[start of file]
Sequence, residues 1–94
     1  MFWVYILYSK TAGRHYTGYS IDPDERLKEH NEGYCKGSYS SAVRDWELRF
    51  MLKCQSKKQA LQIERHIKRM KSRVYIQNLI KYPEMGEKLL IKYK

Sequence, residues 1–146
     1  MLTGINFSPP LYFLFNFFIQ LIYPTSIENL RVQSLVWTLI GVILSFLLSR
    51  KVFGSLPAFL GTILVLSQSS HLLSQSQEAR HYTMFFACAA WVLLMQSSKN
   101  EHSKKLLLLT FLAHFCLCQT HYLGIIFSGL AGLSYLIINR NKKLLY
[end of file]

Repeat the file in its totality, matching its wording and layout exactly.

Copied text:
Sequence, residues 1–94
     1  MFWVYILYSK TAGRHYTGYS IDPDERLKEH NEGYCKGSYS SAVRDWELRF
    51  MLKCQSKKQA LQIERHIKRM KSRVYIQNLI KYPEMGEKLL IKYK

Sequence, residues 1–146
     1  MLTGINFSPP LYFLFNFFIQ LIYPTSIENL RVQSLVWTLI GVILSFLLSR
    51  KVFGSLPAFL GTILVLSQSS HLLSQSQEAR HYTMFFACAA WVLLMQSSKN
   101  EHSKKLLLLT FLAHFCLCQT HYLGIIFSGL AGLSYLIINR NKKLLY